Tax likely to see project plans brought forward and prompt a drop in urban land values
An upcoming tax on vacant land in urban areas of Saudi Arabia will spur development in the kingdom, consultancy JLL has said.
Saudi Arabia’s cabinet this week approved details of the tax, which is being introduced as a way to address the kingdom’s housing shortage.
The new law is likely to see some landowners bring forward building plans to avoid the tax burden, JLL predicts, according to report by Arab News.
Others landowners are likely to seek to sell plots to other developers, which should help reduce land values, further stimulating activity. Revenues from the tax will also allow the government to undertake additional housing projects, the report added.
“The new law will result in a fundamental change in Saudi Arabia’s real estate market and help stimulate further development to address the severe shortage of middle income housing,” Jamil Ghaznawi, head of JLL in Saudi Arabia, is reported as saying.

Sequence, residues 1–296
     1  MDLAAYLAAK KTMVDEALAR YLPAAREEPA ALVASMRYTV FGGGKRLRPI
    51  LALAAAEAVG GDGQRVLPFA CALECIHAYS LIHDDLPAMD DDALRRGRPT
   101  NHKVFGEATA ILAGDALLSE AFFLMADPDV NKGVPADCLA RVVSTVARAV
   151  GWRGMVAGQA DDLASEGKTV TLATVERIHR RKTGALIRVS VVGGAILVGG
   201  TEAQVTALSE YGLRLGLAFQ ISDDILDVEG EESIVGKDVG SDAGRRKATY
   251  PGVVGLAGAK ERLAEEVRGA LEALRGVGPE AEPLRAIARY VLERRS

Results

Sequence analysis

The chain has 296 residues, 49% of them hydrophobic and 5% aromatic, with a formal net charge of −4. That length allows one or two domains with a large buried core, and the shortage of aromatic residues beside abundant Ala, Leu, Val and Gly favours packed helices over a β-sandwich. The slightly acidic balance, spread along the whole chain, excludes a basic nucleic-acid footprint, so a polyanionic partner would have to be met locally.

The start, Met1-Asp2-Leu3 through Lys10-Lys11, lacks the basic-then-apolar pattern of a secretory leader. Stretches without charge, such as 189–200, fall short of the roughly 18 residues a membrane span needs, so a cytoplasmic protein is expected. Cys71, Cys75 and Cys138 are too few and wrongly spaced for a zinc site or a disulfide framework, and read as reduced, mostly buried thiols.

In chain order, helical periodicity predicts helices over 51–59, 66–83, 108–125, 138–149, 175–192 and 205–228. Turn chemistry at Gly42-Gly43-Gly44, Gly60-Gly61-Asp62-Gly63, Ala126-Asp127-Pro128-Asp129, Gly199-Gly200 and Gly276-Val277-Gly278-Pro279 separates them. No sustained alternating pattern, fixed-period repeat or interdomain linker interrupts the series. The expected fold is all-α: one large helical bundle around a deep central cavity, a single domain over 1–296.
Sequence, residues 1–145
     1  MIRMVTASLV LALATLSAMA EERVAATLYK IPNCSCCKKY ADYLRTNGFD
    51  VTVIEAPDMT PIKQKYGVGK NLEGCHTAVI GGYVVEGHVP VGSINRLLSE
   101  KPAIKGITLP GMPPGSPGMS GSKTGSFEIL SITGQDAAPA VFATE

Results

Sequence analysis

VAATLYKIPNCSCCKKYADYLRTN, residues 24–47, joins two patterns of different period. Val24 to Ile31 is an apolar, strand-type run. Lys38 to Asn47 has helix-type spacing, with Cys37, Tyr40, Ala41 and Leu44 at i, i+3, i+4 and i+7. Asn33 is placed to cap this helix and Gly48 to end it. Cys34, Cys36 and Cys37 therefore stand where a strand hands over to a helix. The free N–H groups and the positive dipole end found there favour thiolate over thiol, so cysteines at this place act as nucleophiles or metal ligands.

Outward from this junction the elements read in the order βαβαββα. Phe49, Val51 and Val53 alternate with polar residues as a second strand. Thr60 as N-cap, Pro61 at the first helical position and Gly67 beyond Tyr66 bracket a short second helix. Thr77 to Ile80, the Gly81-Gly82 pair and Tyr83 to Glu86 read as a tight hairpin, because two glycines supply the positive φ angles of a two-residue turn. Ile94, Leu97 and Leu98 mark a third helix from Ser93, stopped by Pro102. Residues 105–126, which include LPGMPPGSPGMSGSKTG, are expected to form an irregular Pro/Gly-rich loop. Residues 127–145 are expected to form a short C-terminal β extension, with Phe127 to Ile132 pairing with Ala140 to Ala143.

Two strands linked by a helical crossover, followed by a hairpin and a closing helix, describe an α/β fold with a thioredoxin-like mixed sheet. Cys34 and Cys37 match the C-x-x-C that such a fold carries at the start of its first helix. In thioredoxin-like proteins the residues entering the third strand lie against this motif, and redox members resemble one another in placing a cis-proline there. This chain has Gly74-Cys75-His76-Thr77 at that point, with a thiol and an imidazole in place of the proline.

Fees on undeveloped lands will be introduced in stages, according to an earlier statement by the state news agency SPA.
It will first be applied to undeveloped land with an area of 10,000 square metres and more, and later apply to plots of more than 5,000 square metres.
“The Ministry of Housing shall collect the applied fees in this regard as well as the fines imposed for violation of the rules or regulations, and take the necessary measures to prevent evasion of the payment of these fees and fines,” SPA reported.
The Saudi housing ministry in May outlined the rules of the upcoming annual tax, saying that the rate has been set at 2.5% of the value of land held by individuals or non-government entities.
Analysts estimate that 40-50% of land inside major cities remains vacant, which has caused a lack of affordable housing, especially for young Saudis.